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Blog: How does the Government’s denial of institutional racism affect the way ethnic health inequalities will be addressed in this country?

Dr Laia Bécares
Dr Dharmi Kapadia

The Government has recently presented to Parliament its response to the Sewell report.

The Government’s response, titled Inclusive Britain, is an Action Plan with a set of measures linked to the findings from the Sewell report. When released in March 2021, the Sewell report came under heavy criticism, primarily due to the outright denial of institutional racism and its central role in patterning poor health and low socioeconomic position of ethnic minority people.

Crucially, the report largely ignored the longstanding body of evidence documenting the existence of structural and institutional racism in the UK, and its associated negative impacts on physical and mental health. Consequently, the recommendations in Inclusive Britain are not centred on the root cause of ethnic inequalities, racism; instead they focus on ‘agency, resilience, and mutual support’ (p.9) with the report claiming that these are what ‘ultimately drive success and achievement’. Omitting racism as the key driver of ethnic inequalities will not lead to meaningful solutions to improve the lives of ethnic minority people.

With regards to health, Inclusive Britain includes recommendations addressing racial bias in medical equipment, life expectancy, maternal health, and the NHS workforce. Worryingly, Inclusive Britain disregards a large body of evidence documenting stark ethnic inequalities in health, and instead highlights health outcomes where some ethnic minority groups have better health than the White British majority – for example, life expectancy. But, as we have previously cautioned, life expectancy estimates recently reported by the ONS, and cited in the Sewell and Inclusive Britain reports, are experimental, and should be treated as such.

Importantly, focusing solely on life expectancy disregards the evidence on ethnic inequalities across a myriad of health outcomes over the life course, including in later life, and ethnic inequalities in healthy life expectancy. In addition to disregarding the undeniable evidence around ethnic inequalities in health, and the role of racism in leading to them, Inclusive Britain ignores the evidence around ethnic inequalities in healthcare. We have recently reported clear evidence of ethnic inequalities in access to, experiences of, and outcomes of healthcare, and have documented the pervasive and insidious role of racism in perpetuating them.

Health-related actions in Inclusive Britain reflect the false dichotomy presented in the Sewell report that separates deprivation and ethnicity. Undoubtedly, area-level deprivation is a key determinant of poor health, and place-based interventions are an important approach to addressing inequalities, but for ethnic minority people, a focus solely on deprivation is not sufficient. Most ethnic minority groups are more likely than White British people to live in the most deprived areas, and studies on ethnic inequalities in health show that even after taking into account the role of individual and area-level deprivation in leading to poor health, ethnic inequalities still remain.

Historical and current racism at the structural, institutional, and individual levels is a root cause of ethnic inequalities in individual and area-level socioeconomic inequalities. Ignoring racism as the main explanatory – and changeable – factor leading to ethnic inequalities in health and area-level deprivation will only partially address ethnic inequalities.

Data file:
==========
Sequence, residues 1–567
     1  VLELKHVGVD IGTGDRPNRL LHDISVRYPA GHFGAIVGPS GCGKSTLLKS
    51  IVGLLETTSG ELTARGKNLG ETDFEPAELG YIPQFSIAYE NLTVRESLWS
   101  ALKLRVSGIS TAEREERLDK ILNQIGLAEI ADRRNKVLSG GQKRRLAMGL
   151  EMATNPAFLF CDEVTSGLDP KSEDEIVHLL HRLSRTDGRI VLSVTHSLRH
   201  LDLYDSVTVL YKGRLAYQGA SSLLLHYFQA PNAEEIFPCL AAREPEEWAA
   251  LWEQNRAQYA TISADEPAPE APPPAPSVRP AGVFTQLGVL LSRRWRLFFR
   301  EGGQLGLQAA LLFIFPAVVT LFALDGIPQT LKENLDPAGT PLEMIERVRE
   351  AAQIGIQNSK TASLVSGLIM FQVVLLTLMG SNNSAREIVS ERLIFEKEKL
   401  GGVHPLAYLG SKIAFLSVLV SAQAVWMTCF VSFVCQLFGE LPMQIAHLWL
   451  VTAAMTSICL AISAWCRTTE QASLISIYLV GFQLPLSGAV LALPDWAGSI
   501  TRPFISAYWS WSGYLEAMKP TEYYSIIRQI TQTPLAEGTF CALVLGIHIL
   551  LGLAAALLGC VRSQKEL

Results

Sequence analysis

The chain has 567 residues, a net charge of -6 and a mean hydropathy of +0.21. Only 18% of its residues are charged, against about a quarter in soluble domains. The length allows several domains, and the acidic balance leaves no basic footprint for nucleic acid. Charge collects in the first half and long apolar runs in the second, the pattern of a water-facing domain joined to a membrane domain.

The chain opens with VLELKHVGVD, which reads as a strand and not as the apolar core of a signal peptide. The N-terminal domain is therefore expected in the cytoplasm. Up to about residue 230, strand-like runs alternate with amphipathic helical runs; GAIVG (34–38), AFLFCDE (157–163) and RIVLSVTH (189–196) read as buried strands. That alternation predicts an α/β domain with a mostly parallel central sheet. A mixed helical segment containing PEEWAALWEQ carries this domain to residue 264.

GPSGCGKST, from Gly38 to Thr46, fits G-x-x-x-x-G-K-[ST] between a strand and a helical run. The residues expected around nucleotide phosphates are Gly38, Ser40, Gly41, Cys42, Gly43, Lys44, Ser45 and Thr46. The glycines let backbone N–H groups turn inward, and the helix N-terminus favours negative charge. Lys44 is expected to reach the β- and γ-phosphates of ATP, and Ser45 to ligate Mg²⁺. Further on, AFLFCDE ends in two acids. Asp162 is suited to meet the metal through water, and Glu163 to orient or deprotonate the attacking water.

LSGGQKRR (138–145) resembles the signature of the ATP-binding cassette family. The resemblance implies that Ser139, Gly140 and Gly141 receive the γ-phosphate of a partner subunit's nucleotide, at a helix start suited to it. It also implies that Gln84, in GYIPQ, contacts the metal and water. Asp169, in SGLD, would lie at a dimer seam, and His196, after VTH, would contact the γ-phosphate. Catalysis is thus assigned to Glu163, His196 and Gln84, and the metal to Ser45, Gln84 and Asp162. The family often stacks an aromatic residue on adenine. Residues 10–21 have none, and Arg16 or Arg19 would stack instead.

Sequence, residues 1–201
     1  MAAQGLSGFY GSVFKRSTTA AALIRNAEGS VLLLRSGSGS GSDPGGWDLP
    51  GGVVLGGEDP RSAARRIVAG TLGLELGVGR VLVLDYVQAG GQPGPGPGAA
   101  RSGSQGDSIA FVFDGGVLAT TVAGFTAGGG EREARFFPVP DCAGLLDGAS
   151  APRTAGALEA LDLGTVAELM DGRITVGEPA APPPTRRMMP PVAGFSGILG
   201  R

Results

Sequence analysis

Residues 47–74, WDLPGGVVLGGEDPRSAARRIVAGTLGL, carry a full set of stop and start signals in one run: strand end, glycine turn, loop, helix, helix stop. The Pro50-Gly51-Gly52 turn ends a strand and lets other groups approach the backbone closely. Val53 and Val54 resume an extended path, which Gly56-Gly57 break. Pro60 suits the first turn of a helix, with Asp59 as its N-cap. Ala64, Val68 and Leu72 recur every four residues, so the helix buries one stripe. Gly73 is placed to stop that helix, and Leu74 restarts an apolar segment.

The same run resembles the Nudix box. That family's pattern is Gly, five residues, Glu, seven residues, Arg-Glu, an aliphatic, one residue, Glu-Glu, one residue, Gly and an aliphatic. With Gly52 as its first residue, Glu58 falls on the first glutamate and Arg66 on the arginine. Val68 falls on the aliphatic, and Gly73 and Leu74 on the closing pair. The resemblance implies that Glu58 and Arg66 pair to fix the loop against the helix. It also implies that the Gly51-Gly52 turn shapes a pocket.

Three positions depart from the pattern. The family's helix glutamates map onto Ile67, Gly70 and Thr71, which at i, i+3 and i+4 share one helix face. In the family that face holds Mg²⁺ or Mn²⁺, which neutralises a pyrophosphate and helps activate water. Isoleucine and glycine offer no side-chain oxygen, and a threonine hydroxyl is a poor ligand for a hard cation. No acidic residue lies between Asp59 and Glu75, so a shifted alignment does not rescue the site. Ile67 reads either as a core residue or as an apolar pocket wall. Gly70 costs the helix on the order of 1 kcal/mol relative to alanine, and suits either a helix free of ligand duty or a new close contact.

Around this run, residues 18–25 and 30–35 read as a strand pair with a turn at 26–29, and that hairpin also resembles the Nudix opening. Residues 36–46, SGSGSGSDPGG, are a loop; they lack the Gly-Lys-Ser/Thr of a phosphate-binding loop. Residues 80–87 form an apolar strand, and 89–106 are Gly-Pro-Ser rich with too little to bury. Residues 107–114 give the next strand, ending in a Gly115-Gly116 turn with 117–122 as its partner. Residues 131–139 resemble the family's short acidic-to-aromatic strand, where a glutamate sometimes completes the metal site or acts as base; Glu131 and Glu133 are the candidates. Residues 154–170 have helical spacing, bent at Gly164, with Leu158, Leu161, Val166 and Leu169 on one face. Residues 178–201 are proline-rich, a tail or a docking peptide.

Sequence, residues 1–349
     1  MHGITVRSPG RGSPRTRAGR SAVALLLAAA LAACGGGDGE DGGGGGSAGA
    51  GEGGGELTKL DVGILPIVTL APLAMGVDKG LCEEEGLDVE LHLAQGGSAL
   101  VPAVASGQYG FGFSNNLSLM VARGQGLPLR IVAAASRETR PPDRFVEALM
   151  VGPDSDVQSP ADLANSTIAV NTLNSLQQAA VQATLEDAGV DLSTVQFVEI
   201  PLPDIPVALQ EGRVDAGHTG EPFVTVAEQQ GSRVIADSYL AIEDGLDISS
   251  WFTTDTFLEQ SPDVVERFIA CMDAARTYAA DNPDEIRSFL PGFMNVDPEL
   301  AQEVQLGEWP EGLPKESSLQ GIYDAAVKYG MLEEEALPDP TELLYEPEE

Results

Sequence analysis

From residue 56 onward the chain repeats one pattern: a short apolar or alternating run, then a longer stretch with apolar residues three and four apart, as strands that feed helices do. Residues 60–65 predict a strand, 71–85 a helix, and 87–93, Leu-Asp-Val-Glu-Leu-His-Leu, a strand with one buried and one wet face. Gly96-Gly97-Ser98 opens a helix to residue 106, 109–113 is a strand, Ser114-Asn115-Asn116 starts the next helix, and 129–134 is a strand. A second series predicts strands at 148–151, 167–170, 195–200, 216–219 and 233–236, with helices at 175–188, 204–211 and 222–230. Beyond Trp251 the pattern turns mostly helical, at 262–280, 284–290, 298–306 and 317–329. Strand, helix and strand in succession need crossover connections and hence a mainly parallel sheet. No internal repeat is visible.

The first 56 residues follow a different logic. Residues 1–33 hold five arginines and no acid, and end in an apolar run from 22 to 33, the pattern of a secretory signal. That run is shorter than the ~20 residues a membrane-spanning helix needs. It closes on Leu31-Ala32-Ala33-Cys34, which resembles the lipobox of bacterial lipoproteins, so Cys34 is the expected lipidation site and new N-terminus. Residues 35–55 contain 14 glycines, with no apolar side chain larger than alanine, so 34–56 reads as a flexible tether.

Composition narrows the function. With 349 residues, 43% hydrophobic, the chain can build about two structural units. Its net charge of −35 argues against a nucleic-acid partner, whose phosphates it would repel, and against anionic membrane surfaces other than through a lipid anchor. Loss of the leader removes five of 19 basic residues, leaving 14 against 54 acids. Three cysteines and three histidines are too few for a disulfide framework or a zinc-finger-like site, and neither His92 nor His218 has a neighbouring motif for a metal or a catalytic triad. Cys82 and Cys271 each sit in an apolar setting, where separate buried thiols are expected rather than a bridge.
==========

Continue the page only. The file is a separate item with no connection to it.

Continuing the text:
In an effort to build trust in health interventions, Inclusive Britain has proposed an action to increase participation of ethnic minority people in clinical trials and research. Increased involvement of ethnic minority communities in research is a positive move forward as long as participation is promoted within a health equity lens.

We are concerned, however, that increased equity and diversity in data and research are not maintained in bodies such as the Race Disparity Unit. Recommendation 24, Action 8, proposes to reform the “Ethnicity facts and figures” website, and provide a smaller range of datasets. Data are crucial to monitor ethnic inequalities, and a reduction in the availability of data has direct implications for accountability and transparency. Data and monitoring alone will not lead to the disappearance of ethnic inequalities, which have persisted despite indisputable evidence.

The Inclusive Britain report maintains that “we’re already one of the fairest countries in the world” (p.9) but this is in direct contrast to the indisputable evidence on widespread ethnic health inequalities, and to the lived experience of ethnic minority groups. The Government must use evidence to develop and implement national policies, framed around racism, that tackle ethnic health inequalities now, and going into the future.

Dr Laia Bécares is a Senior Lecturer and Co-Director of the Centre for Innovation and Research in Wellbeing at the University of Sussex. Her research interests are in studying the pathways by which the discrimination and marginalisation of people and places lead to social and health inequalities across the life course, with a specific focus on racism and heteronormativity as systems of oppression.

Dr Dharmi Kapadia is a Lecturer in Sociology at The University of Manchester. Dharmi is a mixed-methods researcher with interests in racism, mental health and illness, stigma and older people. Dharmi has also conducted research in ethnic inequalities in women’s use of mental health services, socioeconomic inequalities in suicide, as well as undertaken work looking at ethnic inequalities in the labour market, and the role of social networks in poverty for different ethnic groups.

Both are members of the ESRC Centre on Dynamics of Ethnicity (CoDE).